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Jupiter is the largest planet in the solar system. In terms of mass, Jupiter towers over the other planets. If you were to gather all the other planets together into a single mass, Jupiter would still be 2.5 times more massive. It is hard to understate just how huge Jupiter is. But as we’ve discovered thousands of exoplanets in recent decades, it raises an interesting question about how Jupiter compares. Put another way, just how large can a planet be? The answer is more subtle than you might think.
The simple answer is that a large planet is anything too small to be a star. The usual definition for a star is that it must be large enough to fuse hydrogen into helium in its core. A main-sequence star is one where the heat and pressure generated by fusion are balanced by the gravitational weight of the star.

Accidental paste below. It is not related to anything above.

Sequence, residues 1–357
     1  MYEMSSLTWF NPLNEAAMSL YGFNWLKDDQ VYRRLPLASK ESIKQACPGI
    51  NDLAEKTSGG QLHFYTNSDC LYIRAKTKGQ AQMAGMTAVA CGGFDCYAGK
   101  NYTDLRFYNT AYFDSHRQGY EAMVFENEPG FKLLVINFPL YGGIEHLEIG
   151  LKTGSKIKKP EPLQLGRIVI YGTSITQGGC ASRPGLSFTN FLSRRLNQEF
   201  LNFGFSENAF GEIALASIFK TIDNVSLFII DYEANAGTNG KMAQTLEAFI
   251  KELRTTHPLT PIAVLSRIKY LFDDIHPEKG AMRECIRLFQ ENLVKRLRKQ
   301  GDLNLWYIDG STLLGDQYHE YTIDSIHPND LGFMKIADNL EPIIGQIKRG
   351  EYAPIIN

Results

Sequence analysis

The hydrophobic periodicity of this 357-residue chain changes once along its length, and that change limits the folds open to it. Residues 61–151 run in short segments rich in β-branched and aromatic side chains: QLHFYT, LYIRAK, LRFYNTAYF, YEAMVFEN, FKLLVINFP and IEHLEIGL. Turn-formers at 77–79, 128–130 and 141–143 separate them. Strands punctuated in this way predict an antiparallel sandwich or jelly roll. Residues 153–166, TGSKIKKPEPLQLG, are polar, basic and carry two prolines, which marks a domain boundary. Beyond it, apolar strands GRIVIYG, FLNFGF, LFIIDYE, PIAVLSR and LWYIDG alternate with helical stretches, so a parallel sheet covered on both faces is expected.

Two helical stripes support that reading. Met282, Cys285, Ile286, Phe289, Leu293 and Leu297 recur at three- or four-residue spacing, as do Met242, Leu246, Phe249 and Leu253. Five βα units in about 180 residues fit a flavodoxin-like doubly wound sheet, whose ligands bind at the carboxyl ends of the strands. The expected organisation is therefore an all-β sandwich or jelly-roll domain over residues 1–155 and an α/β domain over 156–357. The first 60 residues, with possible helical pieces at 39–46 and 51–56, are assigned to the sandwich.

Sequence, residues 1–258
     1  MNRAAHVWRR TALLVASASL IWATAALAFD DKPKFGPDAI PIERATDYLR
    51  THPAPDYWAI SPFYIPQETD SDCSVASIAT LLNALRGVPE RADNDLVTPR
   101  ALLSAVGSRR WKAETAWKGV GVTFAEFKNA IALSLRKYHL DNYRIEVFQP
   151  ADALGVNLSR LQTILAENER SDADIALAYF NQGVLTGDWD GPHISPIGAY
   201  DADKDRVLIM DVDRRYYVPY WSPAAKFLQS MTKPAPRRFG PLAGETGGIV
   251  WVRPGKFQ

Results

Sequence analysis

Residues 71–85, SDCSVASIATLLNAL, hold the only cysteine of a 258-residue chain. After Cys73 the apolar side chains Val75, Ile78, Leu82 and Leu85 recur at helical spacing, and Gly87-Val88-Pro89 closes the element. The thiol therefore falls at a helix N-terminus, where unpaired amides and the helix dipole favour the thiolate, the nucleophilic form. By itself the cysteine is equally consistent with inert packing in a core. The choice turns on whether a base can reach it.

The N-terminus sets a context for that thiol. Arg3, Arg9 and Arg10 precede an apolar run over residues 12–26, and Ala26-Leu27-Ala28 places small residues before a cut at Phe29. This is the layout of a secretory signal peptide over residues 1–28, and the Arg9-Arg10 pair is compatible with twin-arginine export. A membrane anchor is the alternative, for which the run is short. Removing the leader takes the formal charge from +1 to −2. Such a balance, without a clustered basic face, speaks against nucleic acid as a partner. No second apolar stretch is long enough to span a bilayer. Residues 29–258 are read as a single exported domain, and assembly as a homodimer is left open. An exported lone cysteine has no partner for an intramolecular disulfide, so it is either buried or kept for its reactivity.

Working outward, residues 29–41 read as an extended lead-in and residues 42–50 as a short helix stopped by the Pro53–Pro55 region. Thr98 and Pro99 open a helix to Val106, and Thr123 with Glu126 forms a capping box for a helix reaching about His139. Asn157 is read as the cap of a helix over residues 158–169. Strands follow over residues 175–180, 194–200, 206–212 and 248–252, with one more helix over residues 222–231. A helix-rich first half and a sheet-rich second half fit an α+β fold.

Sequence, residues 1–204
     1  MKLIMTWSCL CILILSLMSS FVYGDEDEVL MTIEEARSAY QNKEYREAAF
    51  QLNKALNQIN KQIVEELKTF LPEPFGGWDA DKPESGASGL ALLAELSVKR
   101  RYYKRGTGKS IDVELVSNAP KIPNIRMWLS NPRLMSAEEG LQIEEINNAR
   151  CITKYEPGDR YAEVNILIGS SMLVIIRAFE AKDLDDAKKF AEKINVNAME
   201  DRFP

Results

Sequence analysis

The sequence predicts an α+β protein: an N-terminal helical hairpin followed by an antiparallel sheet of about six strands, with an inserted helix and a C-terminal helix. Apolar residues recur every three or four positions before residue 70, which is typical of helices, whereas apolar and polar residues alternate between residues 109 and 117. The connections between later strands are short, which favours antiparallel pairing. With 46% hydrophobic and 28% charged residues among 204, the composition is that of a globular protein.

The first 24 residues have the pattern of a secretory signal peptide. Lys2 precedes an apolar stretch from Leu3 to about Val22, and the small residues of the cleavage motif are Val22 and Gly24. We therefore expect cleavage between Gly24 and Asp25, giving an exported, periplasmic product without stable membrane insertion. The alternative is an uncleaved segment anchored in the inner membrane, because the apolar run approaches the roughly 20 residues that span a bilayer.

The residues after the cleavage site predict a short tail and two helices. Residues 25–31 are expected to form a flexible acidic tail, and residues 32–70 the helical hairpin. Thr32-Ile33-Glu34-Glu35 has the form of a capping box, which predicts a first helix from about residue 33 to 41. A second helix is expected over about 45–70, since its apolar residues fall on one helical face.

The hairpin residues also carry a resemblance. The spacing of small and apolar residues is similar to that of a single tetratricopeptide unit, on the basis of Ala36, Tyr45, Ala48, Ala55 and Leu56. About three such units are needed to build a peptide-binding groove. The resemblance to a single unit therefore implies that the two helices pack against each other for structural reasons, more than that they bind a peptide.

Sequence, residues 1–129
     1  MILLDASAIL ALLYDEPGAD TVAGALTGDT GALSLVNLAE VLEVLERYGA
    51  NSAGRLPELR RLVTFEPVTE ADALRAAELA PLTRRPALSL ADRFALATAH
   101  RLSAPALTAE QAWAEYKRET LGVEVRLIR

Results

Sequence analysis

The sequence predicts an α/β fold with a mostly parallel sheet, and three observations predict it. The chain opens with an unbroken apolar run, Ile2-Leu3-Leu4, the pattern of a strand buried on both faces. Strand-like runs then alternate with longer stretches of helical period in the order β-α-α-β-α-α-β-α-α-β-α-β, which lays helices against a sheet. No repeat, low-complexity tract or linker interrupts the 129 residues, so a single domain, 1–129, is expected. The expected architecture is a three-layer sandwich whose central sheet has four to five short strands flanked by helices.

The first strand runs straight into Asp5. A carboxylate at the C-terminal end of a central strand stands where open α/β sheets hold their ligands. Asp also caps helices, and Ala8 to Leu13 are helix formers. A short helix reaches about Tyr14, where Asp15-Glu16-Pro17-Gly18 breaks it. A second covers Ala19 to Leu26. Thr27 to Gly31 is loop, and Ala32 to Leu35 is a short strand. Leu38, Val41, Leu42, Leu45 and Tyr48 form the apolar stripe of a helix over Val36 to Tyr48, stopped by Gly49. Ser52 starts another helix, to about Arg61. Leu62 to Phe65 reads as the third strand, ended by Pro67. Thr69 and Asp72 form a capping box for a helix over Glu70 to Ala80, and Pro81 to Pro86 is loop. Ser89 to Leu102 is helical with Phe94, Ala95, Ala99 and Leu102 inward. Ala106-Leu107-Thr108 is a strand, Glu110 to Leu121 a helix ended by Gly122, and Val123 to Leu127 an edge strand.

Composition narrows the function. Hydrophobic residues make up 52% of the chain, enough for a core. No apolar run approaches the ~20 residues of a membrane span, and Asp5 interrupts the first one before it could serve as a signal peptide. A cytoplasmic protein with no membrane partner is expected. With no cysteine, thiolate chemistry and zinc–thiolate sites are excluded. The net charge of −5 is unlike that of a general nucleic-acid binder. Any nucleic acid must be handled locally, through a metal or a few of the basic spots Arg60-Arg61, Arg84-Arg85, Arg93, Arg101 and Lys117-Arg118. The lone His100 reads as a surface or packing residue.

Stars - Hydrogen - Helium - Planets - Composition
Stars are mostly made of hydrogen and helium, and it’s safe to assume that the largest planets would have a similar composition. The Sun is made of about 75% hydrogen and 24% helium, the other 1% being heavier elements. Jupiter is roughly 71% hydrogen, 24% helium, and 5% other. So let’s figure any large planet is 3 parts hydrogen to 1 part
Fusion - Planet - State - Equilibrium - Weight
As long as there’s no fusion going on, a large planet will be in a state of hydrostatic equilibrium. That means the weight of all that gas trying to collapse on itself is balanced by the pressure of the gas not wanting to be squeezed. The more mass you have, the more the interior is squeezed, and the hotter it gets. With enough mass, the interior gets hot enough for hydrogen to start fusing into helium. That critical mass is about 80 Jupiters. Anything with more mass than that must be a...
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